There is a lot of talk about the issues of reverse mortgage defaults causing borrowers to go into foreclosure and lose their homes because of not paying their taxes and insurance… claiming that the tax defaults are a reason one should not do a reverse mortgage. The media and so-called senior advocates are pushing this point hard. Are you aware that anyone who doesn’t pay property taxes on one’s property can face foreclosure?
If one has a conventional mortgage and doesn’t pay their taxes, the lender will pay the taxes on behalf of their borrower and increase the homeowners mortgage payments to cover the taxes. If they let their homeowners insurance drop, the lender will place “forced” insurance on the property and pass the costs along to the borrower.
Even if one doesn’t have a mortgage, a reverse or conventional, one can lose their home for not paying their taxes – the counties foreclose on them. Here in Minnesota the county claims the property as a tax forfeiture.
Ann, a 65 year old woman called me inquiring about a reverse mortgage stating she owed over $20,000 in back taxes and was facing tax forfeiture in just a few short months. Ann had no other debt and her home was worth more than $300,000. Based on her situation, she wouldn’t qualify for a conventional or “forward” mortgage. Someone had suggested the reverse mortgage a solution to her situation.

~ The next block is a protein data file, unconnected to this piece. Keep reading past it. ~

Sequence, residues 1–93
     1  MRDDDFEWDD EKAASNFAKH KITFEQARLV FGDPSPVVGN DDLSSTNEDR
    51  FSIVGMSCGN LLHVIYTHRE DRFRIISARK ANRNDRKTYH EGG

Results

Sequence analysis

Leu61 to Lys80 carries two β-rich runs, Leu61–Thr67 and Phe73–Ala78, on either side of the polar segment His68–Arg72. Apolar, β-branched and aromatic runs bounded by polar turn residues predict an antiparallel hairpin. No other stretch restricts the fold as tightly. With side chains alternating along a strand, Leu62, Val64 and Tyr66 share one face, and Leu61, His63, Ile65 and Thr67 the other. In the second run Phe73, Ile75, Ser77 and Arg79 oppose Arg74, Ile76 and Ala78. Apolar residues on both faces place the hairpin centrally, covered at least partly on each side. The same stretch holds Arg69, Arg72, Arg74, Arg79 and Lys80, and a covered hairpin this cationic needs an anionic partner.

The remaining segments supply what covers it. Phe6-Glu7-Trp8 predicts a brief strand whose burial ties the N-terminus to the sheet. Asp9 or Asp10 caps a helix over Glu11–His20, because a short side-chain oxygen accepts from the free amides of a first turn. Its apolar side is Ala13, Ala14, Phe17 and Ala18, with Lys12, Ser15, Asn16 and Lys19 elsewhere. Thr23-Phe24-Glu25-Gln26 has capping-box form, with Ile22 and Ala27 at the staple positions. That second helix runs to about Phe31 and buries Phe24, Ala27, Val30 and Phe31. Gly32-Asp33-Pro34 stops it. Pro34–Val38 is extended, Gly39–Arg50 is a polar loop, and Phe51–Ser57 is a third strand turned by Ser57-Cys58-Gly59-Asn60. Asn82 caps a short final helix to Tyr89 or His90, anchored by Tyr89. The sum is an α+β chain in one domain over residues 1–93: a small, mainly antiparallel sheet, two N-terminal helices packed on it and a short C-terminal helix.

I explained the details of the reverse mortgage: A reverse mortgage is a loan with special terms for those 62 and older. As an FHA insured loan HUD oversees the Home Equity Conversion Mortgage or HECM providing protections like no other financial option. With the HECM there are no income or credit score qualifications* and no monthly payment requirements. The home would remain hers with the title in her name. And the reverse mortgage funds could pay off her tax debt and she could leave the remaining funds in a Line of Credit with a growth rate for future needs including paying her property taxes going forward. Or if she chose she could receive monthly payments, a lump sum or a combination of these options.
The loan would be due and payable when the home was no longer her primary residence or on her 150th birthday. If at the time the loan was due and payable and the home was sold for more than the loan balance she or her estate would receive the difference in funds. Or if the loan balance was higher than what the home could be sold for, as a non-recourse loan she or her estate would not have to come up with the difference, the FHA Mortgage Insurance covers the difference to the lender.
In her situation she would have had a large line of credit that would allow her funds to pay her taxes and insurance going forward… and some other life necessities or a little extra here and there to maintain or improve the quality of her life.
There are many homeowners who lose their home for not paying their property taxes. When one gets behind on their taxes, they also reduce their option of qualifying for a conventional mortgage, especially with the tighter credit and income qualifications.